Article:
Samsung wants to push CAMM format into memory mainstream
Smaller footprint and detachable
Samsung confirmed today that its latest memory product will use the format of the recent JEDEC-ascribed standard, the Compression Attached Memory Module (CAMM) – making it the first time the memory format is being mass-produced by an entity other than its designer, Dell Technologies.
The chaebol's Low Power Compression Attached Memory Module (LPCAMM) repackages the company's (Low-Power Double Data Rate) LPDDRs into a smaller footprint, making the memory hardware not only faster and more efficient, but also detachable.
"Being a detachable module, LPCAMM offers enhanced flexibility for PC and laptop manufacturers during the production process," said Samsung.
This feature could also come in handy when conducting repairs or upgrading.
While the standard LPDDR is compact, it's permanently attached to the motherboard. The memory maker proposed that the modules could be useful in datacenters, by offering a way to upgrade server RAM.
Small Outline Dual In-line Memory Modules (So-DIMMs) are already detachable but have performance limitations. The standard CAMM size is larger than a SO-DIMM, but fewer are needed to achieve the required memory, ergo they overall take up less space and are more desirable in most scenarios.
The dual channel LPCAMMs also take up six percent less board space than So-DIMM modules do, says Samsung, with over 50 percent more performance and improving power efficiency by up to 70 percent.
No details were given on what conditions were tested to derive these numbers, but the units do come in 32GB, 64GB and 128GB varieties.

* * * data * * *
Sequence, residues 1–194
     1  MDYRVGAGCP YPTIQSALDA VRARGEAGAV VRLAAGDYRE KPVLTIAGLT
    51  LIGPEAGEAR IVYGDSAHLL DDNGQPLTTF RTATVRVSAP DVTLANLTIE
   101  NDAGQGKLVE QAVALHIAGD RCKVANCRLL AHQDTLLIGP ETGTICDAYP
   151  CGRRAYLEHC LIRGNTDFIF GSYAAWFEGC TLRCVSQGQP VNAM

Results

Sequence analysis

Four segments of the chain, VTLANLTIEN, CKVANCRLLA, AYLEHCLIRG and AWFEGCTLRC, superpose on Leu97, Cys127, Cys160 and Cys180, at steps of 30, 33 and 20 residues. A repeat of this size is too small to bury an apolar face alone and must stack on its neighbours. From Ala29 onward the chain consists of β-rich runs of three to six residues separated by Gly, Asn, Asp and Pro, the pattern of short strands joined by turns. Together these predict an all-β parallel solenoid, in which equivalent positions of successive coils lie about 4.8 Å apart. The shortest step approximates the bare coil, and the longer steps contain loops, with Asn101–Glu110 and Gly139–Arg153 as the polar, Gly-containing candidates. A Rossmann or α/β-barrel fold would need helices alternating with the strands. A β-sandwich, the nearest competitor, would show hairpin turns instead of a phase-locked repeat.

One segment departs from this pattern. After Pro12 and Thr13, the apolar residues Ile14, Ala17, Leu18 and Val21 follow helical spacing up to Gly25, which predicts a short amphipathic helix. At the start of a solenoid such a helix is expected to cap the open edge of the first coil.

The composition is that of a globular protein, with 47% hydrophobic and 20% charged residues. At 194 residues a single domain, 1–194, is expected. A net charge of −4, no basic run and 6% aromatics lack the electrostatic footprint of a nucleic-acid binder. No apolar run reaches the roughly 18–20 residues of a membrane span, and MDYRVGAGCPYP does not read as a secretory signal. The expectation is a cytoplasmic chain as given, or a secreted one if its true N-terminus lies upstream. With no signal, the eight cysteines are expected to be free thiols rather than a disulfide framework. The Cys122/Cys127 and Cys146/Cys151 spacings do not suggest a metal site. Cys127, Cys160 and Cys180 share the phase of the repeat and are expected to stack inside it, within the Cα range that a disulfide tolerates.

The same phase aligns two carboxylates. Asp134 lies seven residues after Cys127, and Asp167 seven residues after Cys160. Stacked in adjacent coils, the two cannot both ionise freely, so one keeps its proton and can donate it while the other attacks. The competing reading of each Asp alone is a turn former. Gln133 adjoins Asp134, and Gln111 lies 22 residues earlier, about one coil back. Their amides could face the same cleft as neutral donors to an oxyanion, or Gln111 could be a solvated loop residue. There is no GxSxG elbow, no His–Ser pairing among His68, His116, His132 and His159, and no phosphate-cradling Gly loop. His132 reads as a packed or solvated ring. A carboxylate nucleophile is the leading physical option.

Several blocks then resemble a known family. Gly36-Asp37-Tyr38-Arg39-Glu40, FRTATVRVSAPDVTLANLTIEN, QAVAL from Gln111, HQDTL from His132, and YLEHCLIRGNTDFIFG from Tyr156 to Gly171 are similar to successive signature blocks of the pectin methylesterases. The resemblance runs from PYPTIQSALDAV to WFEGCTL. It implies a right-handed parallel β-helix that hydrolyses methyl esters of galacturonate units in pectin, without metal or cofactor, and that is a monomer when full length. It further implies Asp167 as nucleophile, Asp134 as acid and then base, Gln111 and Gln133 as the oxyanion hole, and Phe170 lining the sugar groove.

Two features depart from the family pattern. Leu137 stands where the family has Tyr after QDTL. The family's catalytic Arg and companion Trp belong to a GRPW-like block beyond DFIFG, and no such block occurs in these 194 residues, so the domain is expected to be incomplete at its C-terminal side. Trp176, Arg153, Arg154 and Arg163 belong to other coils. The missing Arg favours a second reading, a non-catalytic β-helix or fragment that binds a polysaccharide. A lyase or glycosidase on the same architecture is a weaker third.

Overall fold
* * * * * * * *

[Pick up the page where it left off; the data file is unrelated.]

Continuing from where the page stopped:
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According to Samsung, its 7.5 gigabits-per-second (Gbps) LPCAMM, known as the LPDDR5X-6400, has completed system verification with Intel platforms. No other systems were named as yet engaged in incorporating the new memory, but Samsung did say the product line is set to be tested in next-gen systems this year. Commercialization is slated for 2024.
Samsung is calling its LPCAMM an "industry first," and pitches it as transformative to the PC and laptop DRAM market.
The CAMM module format was introduced by Dell in late 2022. Some of the module's advantages can be ascribed to its shape. The contacts on the thin module are compressed against a bar placed between it and the motherboard, keeping air flow at minimum and the component itself in place.
With less air flow, it might seem like a potential thermal hazard, but instead the CAMM's shape lets it act as a heatsink of sorts. And because it's shorter, the paths of electrical routing are abbreviated – making them both more power efficient and faster.
Dell has used CAMM memory in products before, including its Precision 7000 series. Although it is patented, Dell has previously told media it would not keep the format all to itself.
CAMMs were also spotted in demos by Taiwanese fabless memory manufacturer Adata at this year's Computex. ®